Reviews written by registered user
|3 reviews in total|
If hip hop music means anything to you, especially if you've lived through the last 30 years of it, this documentary will mean a lot to you. VH1 gives us the definitive chronicle of hip hop from its beginnings in 1974 with DJ Kool Herc's block parties in the South Bronx to today's infusion in all parts of the country. This could not have been put together any better. I read a review somewhere that said "What PBS did for the Civil War, VH1 does for hip hop," and I think that's pretty accurate. The makers of this film treat the topic with as much reverence as Ken Burns does for "Baseball." While it won't get the credit it deserves, this probably ranks as the second-best documentary of 2004 right behind "Fahrenheit 9/11." The greatest thing about this film is how it shows the evolution of the music with vintage footage and interviews with just about all of the movers and shakers. Even for someone who thinks they know everything there is to know about hip hop, you will learn something. Thank you to the people who took the time and put up the money to make this great work.
This movie serves as a good way to judge critics. Any critic who likes this movie should be completely ignored from now on. This is bad, bad, bad. I didn't think Will Smith could get a worse script than the plot of "Independence Day" where he has to dock with the alien ship to give it a computer virus. But "I, Robot" tops it. First, you should get up and walk out of any movie that starts with a dream sequence, especially when it concludes with a dumb look of the person having the dream upon waking up. Second, the movie, I think, sets the record for the number of product placements in the first five minutes. It's a blatant slap in the face to the audience that lets them know right off the bat this movie is purely about making money rather than making a good movie. It's fitting that the end of the film says the same with the obvious conclusion that there will be a sequel. Wow, is the plot bad. It's not even worthy of a made-for-TV movie on the SciFi channel. Many parts don't really connect and the explanations are laughable. For instance, the idea that there would be a whole section on the outskirts of town with old robots -- that are still active -- is ludicrous. I mean, why would you leave this "junk" on? Wouldn't the battery at least go out on these old robots? And I couldn't believe when it is revealed that robot-hating Will Smith has -- you guessed it, a robot arm! Add another cliché to your movie glossary, Ebert. Perhaps worst of all is Shia LaBoeuf's character. After a great performance in "Holes," I find it hard to believe his career has tanked this soon that he has to resort to such a meaningless and dumb bit part. This movie is so unoriginal, the robot's voice sounds like every other robotic voice going back to "2001." "I, Robot" is by far the worst major movie of the summer so far. It is all flash, and the flash isn't even that great.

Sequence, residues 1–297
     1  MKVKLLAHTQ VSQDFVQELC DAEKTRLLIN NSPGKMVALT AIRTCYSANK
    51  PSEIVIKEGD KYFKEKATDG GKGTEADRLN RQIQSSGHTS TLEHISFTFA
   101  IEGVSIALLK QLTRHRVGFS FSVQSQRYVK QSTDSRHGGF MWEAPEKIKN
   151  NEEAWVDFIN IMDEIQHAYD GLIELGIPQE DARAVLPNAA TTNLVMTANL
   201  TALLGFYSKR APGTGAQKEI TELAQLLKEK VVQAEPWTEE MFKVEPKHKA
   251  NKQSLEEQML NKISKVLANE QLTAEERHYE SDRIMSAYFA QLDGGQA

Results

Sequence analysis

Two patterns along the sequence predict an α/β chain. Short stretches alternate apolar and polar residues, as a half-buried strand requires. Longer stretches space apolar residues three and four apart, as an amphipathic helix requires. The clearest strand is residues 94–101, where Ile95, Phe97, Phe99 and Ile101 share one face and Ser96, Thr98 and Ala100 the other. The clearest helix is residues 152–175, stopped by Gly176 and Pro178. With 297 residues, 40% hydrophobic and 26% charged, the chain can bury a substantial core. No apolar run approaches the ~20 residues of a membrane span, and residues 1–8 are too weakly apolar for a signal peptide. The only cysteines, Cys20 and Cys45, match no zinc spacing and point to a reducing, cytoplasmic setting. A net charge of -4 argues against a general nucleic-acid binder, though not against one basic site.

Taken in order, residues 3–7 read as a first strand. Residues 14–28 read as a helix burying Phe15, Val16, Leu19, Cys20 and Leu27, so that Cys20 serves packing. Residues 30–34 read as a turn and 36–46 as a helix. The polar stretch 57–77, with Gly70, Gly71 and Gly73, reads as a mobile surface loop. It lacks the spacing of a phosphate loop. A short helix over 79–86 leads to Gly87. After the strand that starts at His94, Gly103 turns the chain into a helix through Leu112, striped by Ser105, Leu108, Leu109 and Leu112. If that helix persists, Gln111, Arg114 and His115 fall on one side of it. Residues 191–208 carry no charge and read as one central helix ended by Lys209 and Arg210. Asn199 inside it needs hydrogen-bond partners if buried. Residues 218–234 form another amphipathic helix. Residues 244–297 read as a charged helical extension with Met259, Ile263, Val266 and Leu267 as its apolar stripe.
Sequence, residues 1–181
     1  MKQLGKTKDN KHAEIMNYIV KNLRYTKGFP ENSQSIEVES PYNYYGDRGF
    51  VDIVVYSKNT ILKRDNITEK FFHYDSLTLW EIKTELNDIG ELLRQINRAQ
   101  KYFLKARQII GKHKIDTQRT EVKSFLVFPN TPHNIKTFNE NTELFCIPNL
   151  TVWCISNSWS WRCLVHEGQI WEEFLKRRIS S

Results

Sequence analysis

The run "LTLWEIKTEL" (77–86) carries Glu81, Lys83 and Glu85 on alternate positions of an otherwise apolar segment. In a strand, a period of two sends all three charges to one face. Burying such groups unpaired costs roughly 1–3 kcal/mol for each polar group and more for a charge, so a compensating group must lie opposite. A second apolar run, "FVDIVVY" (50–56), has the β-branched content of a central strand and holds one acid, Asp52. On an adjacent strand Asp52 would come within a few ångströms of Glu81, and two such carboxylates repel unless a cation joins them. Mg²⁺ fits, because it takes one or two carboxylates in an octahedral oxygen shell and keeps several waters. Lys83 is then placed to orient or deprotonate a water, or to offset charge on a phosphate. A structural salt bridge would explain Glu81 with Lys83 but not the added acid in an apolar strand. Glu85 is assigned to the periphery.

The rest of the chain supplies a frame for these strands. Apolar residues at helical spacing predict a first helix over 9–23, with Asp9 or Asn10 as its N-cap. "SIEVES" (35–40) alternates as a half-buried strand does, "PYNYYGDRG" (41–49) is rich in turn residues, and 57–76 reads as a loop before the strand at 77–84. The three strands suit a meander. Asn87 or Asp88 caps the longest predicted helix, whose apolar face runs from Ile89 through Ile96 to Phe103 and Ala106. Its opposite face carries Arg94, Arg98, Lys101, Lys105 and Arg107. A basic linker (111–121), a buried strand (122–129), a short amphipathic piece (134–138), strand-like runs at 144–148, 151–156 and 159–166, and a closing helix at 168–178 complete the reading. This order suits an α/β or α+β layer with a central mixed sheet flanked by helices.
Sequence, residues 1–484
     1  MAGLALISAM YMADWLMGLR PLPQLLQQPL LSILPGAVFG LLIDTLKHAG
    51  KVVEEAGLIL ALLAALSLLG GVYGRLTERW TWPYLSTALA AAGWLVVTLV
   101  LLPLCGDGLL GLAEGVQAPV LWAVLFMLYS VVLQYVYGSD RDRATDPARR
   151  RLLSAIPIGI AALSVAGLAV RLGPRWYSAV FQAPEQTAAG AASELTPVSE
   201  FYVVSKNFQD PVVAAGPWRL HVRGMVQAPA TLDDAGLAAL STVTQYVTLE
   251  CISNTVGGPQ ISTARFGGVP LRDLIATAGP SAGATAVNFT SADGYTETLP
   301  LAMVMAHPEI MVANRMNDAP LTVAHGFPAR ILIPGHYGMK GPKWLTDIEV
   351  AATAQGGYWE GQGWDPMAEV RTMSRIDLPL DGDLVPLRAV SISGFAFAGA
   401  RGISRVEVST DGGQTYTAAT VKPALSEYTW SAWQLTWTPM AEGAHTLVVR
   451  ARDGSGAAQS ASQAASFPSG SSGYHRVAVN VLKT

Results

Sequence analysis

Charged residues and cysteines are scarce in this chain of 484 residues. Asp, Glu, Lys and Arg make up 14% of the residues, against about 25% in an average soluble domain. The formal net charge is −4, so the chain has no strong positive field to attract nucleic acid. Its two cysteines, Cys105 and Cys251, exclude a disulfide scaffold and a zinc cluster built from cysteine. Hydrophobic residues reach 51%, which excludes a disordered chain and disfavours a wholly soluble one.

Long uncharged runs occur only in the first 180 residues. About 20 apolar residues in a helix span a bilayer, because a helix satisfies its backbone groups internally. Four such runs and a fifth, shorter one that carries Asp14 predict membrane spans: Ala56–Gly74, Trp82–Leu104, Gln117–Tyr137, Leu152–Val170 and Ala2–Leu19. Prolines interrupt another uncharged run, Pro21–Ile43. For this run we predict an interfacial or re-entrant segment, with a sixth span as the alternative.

I was excited to learn that the Coen brothers were making a black-and-white film noir -- exactly the kind of movie I wish more people were making these days. While this is an extremely well-made film, I was slightly disappointed with it. I can't really put my finger on why. I guess I wish the story had been a little more complex, but then again, after watching "Mulholland Drive," every movie seems to fall short in that category. Billy Bob Thornton is great in his role, but I couldn't help thinking as I was watching how much better he would have been with a Fedora and gun. I guess I was hoping for a little bit of Humphrey Bogart somewhere in the mix.